freshmen may register for up to 51 units with the permission of their advisor, the remaining 6
units must be used for frontier (“pizza”) courses, PE, PA or research. To take more units, a
freshman will need to convince you and a dean that an overload is appropriate in their case.
The Deans do not approve freshmen overload petitions for the first quarter, and approve them in
the second and third quarters only when students have been performing exceptionally well in all
their classes. Deadlines for approving overload and underload petitions are Add Day and Drop
Day of a term, respectively, so petitions should be submitted in advance of these dates. Forms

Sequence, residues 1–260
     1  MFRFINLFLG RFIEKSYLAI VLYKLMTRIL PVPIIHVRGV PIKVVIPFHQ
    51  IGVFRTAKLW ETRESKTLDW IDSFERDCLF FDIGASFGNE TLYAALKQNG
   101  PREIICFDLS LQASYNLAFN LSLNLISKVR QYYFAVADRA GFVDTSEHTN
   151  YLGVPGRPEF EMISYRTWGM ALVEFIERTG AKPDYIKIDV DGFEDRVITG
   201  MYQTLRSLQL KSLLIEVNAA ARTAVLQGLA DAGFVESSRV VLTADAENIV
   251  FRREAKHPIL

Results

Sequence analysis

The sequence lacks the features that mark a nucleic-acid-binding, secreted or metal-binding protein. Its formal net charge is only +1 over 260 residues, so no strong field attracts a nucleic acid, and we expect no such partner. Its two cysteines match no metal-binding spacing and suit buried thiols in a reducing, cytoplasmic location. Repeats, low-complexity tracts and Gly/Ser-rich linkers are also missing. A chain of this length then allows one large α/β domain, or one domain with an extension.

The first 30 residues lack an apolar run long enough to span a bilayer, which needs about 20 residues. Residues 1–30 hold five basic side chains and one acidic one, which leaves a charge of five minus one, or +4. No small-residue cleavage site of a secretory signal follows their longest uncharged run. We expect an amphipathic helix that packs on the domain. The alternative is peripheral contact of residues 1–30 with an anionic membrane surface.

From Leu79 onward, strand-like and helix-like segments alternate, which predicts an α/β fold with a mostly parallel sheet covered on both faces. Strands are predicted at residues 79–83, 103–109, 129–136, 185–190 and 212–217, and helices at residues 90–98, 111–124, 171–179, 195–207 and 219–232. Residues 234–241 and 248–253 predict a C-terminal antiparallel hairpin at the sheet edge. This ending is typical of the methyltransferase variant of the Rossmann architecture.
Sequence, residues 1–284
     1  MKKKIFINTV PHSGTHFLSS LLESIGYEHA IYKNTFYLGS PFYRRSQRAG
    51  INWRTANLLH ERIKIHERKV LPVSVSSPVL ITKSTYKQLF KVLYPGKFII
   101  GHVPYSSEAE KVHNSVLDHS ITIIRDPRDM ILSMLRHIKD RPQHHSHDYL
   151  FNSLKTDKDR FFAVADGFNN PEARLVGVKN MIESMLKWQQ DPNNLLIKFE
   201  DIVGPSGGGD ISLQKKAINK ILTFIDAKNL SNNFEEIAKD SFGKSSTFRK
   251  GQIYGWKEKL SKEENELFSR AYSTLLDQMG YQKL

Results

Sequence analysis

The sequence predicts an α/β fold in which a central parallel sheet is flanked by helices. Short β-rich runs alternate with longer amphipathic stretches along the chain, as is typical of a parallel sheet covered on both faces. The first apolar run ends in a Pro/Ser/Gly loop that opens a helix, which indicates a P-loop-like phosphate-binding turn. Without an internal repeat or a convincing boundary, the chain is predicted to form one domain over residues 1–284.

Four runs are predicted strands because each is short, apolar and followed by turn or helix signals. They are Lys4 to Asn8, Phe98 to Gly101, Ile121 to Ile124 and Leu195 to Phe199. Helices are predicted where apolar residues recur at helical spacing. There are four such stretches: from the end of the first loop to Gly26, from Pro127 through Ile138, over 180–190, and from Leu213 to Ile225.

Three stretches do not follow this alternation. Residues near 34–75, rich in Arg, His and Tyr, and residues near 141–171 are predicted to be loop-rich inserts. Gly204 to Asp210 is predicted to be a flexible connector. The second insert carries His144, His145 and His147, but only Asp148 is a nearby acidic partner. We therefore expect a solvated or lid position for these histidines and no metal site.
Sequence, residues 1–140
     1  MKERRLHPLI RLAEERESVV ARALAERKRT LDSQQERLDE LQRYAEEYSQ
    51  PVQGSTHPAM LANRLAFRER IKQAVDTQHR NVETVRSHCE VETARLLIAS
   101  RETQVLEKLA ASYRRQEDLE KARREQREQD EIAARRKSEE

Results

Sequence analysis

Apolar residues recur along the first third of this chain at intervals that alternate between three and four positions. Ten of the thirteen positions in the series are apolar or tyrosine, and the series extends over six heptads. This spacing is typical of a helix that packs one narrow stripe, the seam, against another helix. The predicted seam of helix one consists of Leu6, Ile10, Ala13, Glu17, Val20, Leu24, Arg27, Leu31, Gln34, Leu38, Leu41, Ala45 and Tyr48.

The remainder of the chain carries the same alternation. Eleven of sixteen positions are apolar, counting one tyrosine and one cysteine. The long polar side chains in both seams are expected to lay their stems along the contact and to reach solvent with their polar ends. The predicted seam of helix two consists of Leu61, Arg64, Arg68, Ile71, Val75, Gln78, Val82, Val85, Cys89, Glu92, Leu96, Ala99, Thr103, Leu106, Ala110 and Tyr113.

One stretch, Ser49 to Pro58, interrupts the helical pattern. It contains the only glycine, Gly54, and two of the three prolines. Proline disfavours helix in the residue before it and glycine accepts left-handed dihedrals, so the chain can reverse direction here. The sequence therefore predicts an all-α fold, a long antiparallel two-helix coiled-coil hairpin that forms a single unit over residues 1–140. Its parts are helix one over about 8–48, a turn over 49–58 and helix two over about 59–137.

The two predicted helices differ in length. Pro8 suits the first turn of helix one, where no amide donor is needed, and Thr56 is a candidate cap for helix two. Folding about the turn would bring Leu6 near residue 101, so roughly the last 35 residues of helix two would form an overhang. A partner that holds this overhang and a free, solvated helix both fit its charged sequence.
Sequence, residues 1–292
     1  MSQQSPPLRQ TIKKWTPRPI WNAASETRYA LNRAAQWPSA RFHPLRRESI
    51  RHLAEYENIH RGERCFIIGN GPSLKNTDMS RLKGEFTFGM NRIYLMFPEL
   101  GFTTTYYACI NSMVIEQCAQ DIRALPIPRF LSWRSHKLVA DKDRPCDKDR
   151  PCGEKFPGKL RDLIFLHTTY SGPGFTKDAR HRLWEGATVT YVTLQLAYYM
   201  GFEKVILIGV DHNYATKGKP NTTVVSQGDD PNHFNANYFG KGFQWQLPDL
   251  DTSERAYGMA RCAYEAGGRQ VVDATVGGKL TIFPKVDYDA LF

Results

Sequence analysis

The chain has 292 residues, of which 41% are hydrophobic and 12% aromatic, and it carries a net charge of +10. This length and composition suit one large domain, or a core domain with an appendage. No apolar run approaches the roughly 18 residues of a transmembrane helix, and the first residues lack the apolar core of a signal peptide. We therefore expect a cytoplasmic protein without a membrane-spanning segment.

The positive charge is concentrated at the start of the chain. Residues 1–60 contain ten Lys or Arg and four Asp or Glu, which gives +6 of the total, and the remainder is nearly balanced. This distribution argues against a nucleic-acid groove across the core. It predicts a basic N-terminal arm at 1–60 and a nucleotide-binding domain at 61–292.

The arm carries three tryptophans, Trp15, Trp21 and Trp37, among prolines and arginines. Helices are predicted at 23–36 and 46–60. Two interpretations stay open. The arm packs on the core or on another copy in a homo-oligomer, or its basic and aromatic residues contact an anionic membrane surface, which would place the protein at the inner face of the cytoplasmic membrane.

for overloads and underloads are available in the Registrar’s Office, Deans’ Office and their
A student who underloads should consult with the Financial Aid Office (see pages 15 and 22) to
see if any adjustments in his or her financial aid are triggered.
All permanent grades recorded for freshmen during the first and second terms will be either P,
indicating pass, or F, indicating fail. If a first or second term freshman is enrolled in a course in
which the instructor gives letter grades, the registrar will nevertheless record P for all passing
grades. Pass/Fail grades are not used in computing the cumulative grade-point average. As a
transition to letter grades in the third term, shadow grades are given for freshmen, but as
mentioned above, only the grades of P or F are recorded.
Freshmen are enrolled in their first-term classes over the preceding summer. The registrar
makes assignments according to the results of placement exams in math, physics and
chemistry, a writing assessment exam, the students’ course selections and priorities as